Historical Yeyi claims by Dr Lwendo and Dr Sazita

Home Focus Historical Yeyi claims by Dr Lwendo and Dr Sazita

Prof. Makala Lilemba 

Migration across the African continent led to conquests, incorporation, interaction and total assimilation of communities. When the scramble for Africa supervened, many communities found themselves on both sides of the border. Scholars conducting research on such communities should exercise rationality rather than emotionality, objectivity rather than subjectivity, and finally avoid distortion of facts. In the world of academia, it is necessitous and health to disagree over research findings, but that should be done in an academic and professional manner. Academic research should not be antagonistic, hedonistic, demeaning and non- propagandistic.

In the academic discourses by Dr Lwendo and Dr Sazita in New Era, on the historical whereabouts of the Yeyi, though supported by both oral tradition and documentary literature, could equally have limitations.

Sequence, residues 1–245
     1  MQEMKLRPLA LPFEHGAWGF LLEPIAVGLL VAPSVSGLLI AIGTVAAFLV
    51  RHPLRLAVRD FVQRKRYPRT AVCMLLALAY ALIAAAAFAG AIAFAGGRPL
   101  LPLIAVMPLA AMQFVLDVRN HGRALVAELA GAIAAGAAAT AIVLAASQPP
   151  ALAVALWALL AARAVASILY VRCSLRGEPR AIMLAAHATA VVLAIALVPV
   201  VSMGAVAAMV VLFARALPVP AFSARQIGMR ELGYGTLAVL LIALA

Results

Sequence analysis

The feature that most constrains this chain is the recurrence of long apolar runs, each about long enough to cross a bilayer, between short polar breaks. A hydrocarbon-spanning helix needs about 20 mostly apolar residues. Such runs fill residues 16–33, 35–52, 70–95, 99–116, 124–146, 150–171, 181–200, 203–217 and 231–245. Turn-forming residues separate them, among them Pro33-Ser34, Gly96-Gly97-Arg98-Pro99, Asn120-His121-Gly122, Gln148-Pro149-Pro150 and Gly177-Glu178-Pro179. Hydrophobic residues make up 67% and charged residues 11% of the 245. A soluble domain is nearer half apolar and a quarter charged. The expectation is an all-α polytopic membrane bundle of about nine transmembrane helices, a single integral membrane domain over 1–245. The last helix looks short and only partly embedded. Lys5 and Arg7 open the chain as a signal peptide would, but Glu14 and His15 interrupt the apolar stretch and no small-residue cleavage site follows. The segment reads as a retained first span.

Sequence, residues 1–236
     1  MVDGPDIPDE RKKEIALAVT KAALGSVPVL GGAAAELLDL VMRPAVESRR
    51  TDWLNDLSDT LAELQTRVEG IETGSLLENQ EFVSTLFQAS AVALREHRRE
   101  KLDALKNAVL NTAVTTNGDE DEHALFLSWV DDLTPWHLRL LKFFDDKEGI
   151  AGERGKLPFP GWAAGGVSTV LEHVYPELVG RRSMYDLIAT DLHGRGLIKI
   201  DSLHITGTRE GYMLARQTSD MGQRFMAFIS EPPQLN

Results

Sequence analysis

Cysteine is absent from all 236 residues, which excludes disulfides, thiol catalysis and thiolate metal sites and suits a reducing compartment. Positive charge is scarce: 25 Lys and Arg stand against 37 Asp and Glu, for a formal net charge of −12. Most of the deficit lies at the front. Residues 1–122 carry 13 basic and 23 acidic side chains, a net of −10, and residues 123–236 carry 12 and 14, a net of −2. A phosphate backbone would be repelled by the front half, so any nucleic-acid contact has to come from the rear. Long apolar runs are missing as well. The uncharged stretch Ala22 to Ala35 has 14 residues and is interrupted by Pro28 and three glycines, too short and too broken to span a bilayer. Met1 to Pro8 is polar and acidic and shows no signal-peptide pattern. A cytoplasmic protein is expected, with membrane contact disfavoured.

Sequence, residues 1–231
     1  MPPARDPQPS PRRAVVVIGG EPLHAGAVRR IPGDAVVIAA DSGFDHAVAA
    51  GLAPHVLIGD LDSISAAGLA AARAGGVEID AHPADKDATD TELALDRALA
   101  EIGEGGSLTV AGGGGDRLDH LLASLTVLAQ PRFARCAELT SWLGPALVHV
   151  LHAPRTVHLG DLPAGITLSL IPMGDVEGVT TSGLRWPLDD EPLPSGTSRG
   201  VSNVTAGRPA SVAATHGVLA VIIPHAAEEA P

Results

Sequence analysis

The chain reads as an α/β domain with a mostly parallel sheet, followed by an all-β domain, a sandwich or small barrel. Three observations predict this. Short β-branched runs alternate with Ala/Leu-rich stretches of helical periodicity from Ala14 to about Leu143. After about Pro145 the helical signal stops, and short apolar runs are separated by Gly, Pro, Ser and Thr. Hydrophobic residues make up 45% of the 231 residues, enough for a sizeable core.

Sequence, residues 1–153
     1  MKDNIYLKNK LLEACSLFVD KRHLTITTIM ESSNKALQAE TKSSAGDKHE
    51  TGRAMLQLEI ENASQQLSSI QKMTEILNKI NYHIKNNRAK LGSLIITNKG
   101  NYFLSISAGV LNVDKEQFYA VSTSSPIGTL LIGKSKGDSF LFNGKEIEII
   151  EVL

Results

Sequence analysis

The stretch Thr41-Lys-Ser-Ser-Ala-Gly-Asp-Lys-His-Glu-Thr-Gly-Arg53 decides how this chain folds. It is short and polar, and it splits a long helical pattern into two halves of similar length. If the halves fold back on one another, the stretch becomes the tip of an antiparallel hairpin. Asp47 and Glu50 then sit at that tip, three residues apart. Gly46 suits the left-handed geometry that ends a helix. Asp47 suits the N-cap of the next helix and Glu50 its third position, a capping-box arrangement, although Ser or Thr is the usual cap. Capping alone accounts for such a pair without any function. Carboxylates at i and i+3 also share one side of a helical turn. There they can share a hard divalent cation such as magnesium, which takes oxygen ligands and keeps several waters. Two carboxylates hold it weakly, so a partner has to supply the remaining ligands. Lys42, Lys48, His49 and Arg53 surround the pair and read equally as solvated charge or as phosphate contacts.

The scholars are not the primary but secondary sources of information about the Yeyi. Being members of the Yeyi community makes their presentation even more vulnerable to subjectivity. 

When confronted about the whereabouts of their community during a particular period, the response is self-defence persuading the consumers that their findings are true reflections of the researched subject. There is no perfect research, hence, researchers always appeal to other scholars to employ more methods. Mainga (1973:xii) states that oral evidence is also constantly in need of re-evaluation in the light of written material and the ever-changing forces which affect the general environment within which it is contained and transmitted. In addition, documented African history has a Eurocentric flavor, and equally pose some shortcomings. It is unacademic and scholarly arrogant to refer to another scholar as short on history or any field or subject being discussed.